- Family history of leukemia
- Previous radiation therapy or chemotherapy
- Exposure to some chemicals
Hodgkin lymphoma is widespread in people between 15 and 40 years of age and also people 55 years and older. Anyone may experience non-Hodgkin lymphoma. It is not specific to any age. But it is most common in people over the age of 60.
Your doctor will first order a leukemia and lymphoma blood test in order to run a diagnosis. If the test shows abnormal counts for the different blood cell types, your doctor may suspect leukemia. Your healthcare provider may also recommend a bone marrow biopsy to confirm the diagnosis. Initial results may be ready within 24 hours. However, a detailed result may take a couple of weeks. A detailed report usually gives your doctor adequate information for your treatment plan.
A bone marrow biopsy is a somewhat uncomfortable procedure. However, it is relatively fast. It usually takes no more than 20 minutes. A sample of your bone marrow will be taken from your hip bone. The area will be numbed with a local anesthetic during the procedure. You may feel a dull pain in your hip for a short duration after the biopsy.
Leukemia treatment is based on your condition during diagnosis. If the cancer is progressing at a slow pace, your healthcare provider might adopt a “watchful waiting” approach. This is usually done for chronic lymphocytic leukemia.
If your doctor decides to proceed with the treatment, they will focus on therapies that prevent the formation of abnormal cells in the blood and lymph nodes. Examples include:
- Radiation therapy
- Stem cell transplants
- Targeted therapy or drugs that prevents the growth of abnormal cells
Treatment for lymphoma depends on the diagnosis. Cancer cells in Hodgkin’s disease are easier to treat if they are still in the lymph nodes. Radiation therapy and chemotherapy are the most typical treatments for this type of lymphoma.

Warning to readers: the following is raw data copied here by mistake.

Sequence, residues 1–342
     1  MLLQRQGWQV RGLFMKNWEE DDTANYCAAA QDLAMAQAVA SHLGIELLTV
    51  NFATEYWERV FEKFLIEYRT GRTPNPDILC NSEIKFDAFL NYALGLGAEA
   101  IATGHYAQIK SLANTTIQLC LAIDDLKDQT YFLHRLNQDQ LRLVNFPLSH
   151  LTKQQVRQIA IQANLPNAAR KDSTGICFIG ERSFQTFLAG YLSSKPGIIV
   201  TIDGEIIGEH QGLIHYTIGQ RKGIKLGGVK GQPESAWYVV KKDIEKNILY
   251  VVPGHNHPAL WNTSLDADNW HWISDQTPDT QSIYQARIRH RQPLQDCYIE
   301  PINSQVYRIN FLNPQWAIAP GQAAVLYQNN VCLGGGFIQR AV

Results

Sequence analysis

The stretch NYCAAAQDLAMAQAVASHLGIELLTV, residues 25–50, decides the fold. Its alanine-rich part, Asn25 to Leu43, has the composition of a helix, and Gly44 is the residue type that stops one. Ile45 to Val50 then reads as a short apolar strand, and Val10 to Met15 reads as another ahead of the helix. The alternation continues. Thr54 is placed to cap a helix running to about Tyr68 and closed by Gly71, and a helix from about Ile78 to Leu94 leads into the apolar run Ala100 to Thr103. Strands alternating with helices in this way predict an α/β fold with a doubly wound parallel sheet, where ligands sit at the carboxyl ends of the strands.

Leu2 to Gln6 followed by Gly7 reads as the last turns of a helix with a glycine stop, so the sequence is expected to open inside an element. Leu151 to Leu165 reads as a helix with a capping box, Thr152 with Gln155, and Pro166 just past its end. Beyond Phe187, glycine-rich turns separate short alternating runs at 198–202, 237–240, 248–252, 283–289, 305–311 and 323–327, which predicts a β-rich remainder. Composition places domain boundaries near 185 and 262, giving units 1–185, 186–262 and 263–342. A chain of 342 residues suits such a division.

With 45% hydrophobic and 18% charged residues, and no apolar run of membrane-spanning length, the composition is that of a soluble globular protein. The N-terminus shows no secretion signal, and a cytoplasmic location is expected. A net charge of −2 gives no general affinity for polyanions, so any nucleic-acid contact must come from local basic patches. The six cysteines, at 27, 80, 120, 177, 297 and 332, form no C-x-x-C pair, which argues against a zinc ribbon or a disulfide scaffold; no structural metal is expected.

These therapies are used for the treatment of non-Hodgkin disease as well. In addition, your healthcare provider may adopt other medicines similar to those used for leukemia. For instance, your doctor may use targeted therapy to prevent white blood cells from getting abnormal.
Points for infographic
|Very common in children||More common in adults|
|Has a lower prevalence compared to lymphomas||Prevalence is higher than in leukemia|
|Both are blood-related disorders|
|Abnormally high white blood cells present in the bloodstream||Lymphoma cells will not show up in the bloodstream|
Tonika Bruce, also known as The Network Nurse, is a multi-talented individual with a career spanning over 20 years. She’s a Registered Nurse, speaker, author, and advocate for change, excelling in business building and team development. Tonika holds two Master’s degrees in Nursing and Business Administration, (MSN & MBA) and is currently pursuing her Doctorate of Nursing Practice in Executive Leadership.
Her expertise extends to various fields such as nursing, entrepreneurship, business, basketball coaching, and executive leadership. She is a published author of “Relentless Pursuit: Proven Tips for Unlocking Your Potentials, Limitless Success and Post COVID Syndrome: A Guide to Repositioning the Nursing Profession for A Post COVID Era”. Currently, Tonika is working on Thrudemic, an anthology examining the impact of the coronavirus pandemic on medical professionals and patients.